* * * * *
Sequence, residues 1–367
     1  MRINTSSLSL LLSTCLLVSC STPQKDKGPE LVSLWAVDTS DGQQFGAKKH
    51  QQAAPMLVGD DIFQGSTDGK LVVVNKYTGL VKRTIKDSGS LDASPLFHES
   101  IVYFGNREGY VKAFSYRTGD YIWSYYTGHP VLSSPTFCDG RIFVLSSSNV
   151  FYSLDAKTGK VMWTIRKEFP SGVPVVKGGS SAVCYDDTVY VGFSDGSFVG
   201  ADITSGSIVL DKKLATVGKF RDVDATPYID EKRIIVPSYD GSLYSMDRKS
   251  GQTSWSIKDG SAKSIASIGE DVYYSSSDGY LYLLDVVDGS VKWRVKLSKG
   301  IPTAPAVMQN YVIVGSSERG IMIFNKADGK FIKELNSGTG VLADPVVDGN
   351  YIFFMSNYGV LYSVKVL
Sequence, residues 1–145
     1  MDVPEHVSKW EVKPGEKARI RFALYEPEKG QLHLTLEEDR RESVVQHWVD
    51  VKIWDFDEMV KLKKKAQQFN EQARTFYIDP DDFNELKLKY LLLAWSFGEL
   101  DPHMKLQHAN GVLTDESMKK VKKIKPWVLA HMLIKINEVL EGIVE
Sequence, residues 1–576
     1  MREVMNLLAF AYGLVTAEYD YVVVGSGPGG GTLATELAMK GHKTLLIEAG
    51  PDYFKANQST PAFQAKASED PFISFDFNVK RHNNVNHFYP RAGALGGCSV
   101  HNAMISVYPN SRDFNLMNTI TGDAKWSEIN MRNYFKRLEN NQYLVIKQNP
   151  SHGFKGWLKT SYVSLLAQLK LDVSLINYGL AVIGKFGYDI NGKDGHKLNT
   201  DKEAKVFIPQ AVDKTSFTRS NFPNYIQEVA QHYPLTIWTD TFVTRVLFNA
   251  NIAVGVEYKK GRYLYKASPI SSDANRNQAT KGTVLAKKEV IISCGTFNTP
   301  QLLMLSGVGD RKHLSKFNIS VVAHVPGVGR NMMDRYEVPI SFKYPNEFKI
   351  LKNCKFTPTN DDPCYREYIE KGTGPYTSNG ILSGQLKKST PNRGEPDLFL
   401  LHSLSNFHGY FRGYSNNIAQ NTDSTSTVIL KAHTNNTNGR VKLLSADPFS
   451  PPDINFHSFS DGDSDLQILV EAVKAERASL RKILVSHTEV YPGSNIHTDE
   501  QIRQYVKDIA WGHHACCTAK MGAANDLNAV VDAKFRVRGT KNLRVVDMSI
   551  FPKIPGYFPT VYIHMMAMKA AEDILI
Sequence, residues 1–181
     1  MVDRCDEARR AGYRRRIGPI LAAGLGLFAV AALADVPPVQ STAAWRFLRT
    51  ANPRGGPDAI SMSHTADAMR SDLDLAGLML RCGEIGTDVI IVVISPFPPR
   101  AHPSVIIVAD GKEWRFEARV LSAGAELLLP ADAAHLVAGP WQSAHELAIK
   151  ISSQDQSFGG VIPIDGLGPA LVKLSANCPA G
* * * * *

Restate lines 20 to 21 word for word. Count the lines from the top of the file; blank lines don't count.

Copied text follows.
   251  NIAVGVEYKK GRYLYKASPI SSDANRNQAT KGTVLAKKEV IISCGTFNTP
   301  QLLMLSGVGD RKHLSKFNIS VVAHVPGVGR NMMDRYEVPI SFKYPNEFKI